- win: a binary response for logistic regression indicating if the team held on to win the game,
- I.def: an indicator of whether the player was substituted for,
- dist: the number of spots in the order until this player is due to bat again. Presumably as this increases, the defensive substitution starts to look better and better,
- lead: either one or two runs,
- inn: inning - limited to top of the 9th and bottom of the 9th. I didn't want to include the 8th and get into dealing with players who weren't replaced in the 8th but then were in the 9th. The replacement usually happens in the 9th inning anyway,
- player: identity of the original player, much like the pinch running analysis, I'm going to lump all the replacements together,
- opp: the opposing team,
To lead into my (short) analysis, I want to continue the selection bias discussion from my previous post. In that situation, requiring all four pairwise combinations of win/loss with pinch runner/no pinch runner to exist for each player created a selection bias and led to an overestimate of the PR main effect. I don't think it affected the analysis very much because my interest was in estimating the sum of this main effect and the average player:PR interaction for 25 good hitters, and this sum should not be affected by a biased main effect - the sum for an individual player estimates his personal PR effect and this is not dependent on any bias in the estimate of the average.
In today's analysis I am looking at defensive replacement by teams in the lead, so they go on to win the game - with or without the replacement - a vast majority of the time. Hence, if I set up the model in the same way as I set up the pinch runner model, with win as the response in a logistic regression, this selection bias will be quite severe. The pairwise combination most often lacking is the loss/replacement, and so many players whose replacement only ever led to victory get deleted from the sample. Proceeding as if everything was normal leads to a hugely negative defensive replacement main effect. Again my interest would be in the sum of this effect and the interaction effects of good hitters, so this is not an insurmountable obstacle.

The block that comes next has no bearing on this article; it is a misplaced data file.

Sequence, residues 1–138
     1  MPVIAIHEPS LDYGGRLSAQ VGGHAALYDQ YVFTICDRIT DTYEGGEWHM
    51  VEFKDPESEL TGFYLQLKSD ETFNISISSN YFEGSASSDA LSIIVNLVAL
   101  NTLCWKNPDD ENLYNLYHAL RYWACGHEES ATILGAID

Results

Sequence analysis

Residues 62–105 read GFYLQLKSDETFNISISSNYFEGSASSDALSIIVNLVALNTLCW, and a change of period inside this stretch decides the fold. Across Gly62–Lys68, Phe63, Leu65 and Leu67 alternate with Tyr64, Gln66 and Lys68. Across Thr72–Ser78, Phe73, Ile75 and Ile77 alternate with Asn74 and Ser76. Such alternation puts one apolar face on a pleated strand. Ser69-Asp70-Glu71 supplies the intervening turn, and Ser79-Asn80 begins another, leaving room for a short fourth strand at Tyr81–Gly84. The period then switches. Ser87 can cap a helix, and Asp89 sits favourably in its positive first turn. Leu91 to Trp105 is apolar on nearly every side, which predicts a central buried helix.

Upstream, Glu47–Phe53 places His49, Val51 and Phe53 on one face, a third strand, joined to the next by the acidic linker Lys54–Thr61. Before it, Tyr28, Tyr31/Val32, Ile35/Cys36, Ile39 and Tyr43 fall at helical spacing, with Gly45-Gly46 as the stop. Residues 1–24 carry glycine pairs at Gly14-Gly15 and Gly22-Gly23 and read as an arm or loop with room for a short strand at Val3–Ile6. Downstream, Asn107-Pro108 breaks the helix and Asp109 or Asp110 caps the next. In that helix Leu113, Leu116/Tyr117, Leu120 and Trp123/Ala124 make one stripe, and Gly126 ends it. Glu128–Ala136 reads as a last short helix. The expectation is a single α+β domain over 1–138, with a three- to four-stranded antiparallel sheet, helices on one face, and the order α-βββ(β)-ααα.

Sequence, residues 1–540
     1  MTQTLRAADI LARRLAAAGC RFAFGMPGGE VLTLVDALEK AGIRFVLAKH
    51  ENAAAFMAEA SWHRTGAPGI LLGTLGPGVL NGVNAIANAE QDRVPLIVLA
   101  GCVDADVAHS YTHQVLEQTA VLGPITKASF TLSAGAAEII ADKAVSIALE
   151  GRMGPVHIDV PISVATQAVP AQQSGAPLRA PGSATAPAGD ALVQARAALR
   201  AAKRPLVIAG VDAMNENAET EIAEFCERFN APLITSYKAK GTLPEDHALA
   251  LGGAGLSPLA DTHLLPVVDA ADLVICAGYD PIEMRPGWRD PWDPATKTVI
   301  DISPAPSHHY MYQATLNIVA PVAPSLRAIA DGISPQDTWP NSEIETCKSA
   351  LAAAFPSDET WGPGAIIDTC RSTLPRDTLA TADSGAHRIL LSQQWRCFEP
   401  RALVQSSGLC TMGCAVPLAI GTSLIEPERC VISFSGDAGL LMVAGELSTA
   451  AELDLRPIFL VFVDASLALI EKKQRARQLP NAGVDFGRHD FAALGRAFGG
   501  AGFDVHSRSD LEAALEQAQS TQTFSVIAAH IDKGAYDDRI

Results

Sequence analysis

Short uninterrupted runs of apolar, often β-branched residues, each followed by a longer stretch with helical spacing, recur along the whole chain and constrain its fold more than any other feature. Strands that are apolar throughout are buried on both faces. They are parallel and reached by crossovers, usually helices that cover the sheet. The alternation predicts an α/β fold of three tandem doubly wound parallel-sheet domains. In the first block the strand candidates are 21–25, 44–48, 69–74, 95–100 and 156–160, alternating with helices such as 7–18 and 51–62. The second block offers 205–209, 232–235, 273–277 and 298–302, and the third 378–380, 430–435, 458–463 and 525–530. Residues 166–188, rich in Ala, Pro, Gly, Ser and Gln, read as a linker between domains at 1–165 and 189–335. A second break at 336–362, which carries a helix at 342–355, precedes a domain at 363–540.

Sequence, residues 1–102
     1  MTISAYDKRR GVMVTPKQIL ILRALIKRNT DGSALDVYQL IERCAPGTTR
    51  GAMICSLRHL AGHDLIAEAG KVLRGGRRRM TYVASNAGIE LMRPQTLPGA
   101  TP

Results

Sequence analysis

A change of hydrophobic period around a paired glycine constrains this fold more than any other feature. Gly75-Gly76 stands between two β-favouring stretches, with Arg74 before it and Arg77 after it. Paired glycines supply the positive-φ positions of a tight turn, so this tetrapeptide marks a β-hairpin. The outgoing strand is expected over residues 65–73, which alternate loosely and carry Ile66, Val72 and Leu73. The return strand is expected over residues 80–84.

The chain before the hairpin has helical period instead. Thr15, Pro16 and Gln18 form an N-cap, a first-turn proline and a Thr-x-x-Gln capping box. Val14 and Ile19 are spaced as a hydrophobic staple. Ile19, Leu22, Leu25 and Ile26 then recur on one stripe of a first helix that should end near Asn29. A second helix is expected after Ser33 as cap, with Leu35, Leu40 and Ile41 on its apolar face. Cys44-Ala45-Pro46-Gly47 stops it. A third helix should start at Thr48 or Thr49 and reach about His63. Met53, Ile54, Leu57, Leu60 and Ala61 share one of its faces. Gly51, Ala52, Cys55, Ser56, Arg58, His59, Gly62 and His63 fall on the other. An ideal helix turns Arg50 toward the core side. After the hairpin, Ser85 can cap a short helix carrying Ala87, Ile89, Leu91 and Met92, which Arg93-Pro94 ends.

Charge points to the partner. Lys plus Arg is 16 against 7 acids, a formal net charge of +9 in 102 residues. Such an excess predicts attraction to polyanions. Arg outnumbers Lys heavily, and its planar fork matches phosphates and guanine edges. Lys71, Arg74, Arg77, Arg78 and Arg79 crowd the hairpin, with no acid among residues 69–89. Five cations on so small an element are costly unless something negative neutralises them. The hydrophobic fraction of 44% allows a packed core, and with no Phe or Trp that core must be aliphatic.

The obstacle seems to be the lack of repetitions. I was picturing managers replacing their good hitters in close games all the time, and then when extra innings roll around, being left without their good hitters. But as an exploratory analysis I looked at 25 years of data, limited to players hitting in the top five in the order (lower than that the replacement might well be as good as the guy he's replacing) who've been substituted for in the 9th inning with a one or two run lead at least one time (not imposing any condition on having lost at least one game, and so unable to estimate a player effect), and found that out of the 36844 cases remaining, only 629 were defensive replacements - this amounts to less than 2 substitutions per season per team. And of those 36844, only 1490 times did their spot come to bat again - 1428 times with them in it, and 62 times with their replacement in it. At least you'd think that the team wins more often when the player hasn't been replaced, right? 657 wins/1428 games (46%) batting for himself, and 30 wins/62 games (48%) with the replacement - a statistically insignificant difference. Unsurprisingly, when I fit the full logistic regression model described above (again I limited to the top five in the order and fit without player:I.def interaction), the I.def effect was not anywhere close to significant.
This brute force approach to try to get around the noisy data is not going to work here. It certainly looks like the defensive replacement effect, if any, is quite minimal anyway. I'm satisfied for now, but to answer the question properly, I'd have to be able to measure exactly how much a defensive replacement helps the defense, and I don't have the data to do that right now.
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